Our study is primarily considered with schools that give high school talent the opportunity to play in the NFL.  Thus, the rankings above do not discern between rounds of the draft.  Ostensibly, a player’s initial contract and status in the NFL seems tied to draft order (although Richard Sherman has done real well for a 5th round pick).  Let’s assume that being picked in the first three rounds of the draft is of importance to players.  We can conduct a similar type of analysis, but only consider picks in the first three rounds of the draft, and adjust the weighting to reflect population averages for being picked in the first three rounds.  The rankings below are based on an analysis of only the first three rounds over the last three years.  Boise State is still on top, but schools like LSU, Cincinnati, & North Carolina have moved up the list.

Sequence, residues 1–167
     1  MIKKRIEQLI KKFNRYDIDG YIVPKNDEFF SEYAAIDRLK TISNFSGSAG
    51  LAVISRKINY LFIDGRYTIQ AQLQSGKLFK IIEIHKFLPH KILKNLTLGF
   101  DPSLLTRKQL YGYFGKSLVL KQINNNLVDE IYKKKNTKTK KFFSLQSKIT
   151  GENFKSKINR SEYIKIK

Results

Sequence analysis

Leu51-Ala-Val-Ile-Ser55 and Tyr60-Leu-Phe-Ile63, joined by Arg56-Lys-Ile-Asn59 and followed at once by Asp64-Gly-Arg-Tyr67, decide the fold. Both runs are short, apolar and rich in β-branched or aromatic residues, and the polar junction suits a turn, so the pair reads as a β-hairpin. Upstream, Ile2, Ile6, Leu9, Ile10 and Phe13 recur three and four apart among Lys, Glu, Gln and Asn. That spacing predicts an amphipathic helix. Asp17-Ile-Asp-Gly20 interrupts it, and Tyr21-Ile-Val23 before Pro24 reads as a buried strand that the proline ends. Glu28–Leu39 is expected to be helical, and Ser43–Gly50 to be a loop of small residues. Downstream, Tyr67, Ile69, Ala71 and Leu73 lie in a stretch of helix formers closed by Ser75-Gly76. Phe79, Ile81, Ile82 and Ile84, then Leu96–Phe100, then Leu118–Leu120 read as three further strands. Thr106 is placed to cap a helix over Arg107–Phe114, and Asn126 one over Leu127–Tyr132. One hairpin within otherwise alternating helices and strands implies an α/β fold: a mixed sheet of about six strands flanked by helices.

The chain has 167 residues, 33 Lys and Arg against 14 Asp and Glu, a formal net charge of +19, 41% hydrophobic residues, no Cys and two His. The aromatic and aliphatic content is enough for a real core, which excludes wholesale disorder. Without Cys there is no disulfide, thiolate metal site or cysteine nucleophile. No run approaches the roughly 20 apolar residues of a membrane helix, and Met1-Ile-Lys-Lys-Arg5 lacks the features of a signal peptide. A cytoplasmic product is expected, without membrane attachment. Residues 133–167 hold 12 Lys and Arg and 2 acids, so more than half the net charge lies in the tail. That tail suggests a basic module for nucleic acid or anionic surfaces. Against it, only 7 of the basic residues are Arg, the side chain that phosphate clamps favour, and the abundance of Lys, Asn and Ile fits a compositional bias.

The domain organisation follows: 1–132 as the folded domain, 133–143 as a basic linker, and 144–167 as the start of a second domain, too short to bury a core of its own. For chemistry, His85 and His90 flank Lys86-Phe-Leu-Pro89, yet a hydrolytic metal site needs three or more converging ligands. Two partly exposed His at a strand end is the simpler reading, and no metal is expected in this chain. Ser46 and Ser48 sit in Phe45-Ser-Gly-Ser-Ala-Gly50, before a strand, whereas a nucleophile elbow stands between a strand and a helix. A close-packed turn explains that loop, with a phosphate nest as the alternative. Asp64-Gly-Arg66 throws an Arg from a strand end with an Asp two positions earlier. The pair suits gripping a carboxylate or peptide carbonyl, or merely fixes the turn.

2012-2014 First 3 Rounds NFL Draft Efficiency

 Of course, there are many other ways for trying to understand or rate draft efficiency.  In the past we have also conducted regression-based analyses with additional data such as program investment to better understand the phenomenon of human capital development in both football & basketball.

Mike Lewis & Manish Tripathi, Emory University 2014.

  *We can already hear our friends at places like Alabama & USC explaining how players are rated more highly by services just because these schools are recruiting them.  We acknowledge that it is very difficult to get a true measure of a high school player’s ability.  However, we also believe that over the last few years, given all of the media exposure for high school athletes, this problem has attenuated. 

Manziel’s Draft Night Twitter Takeover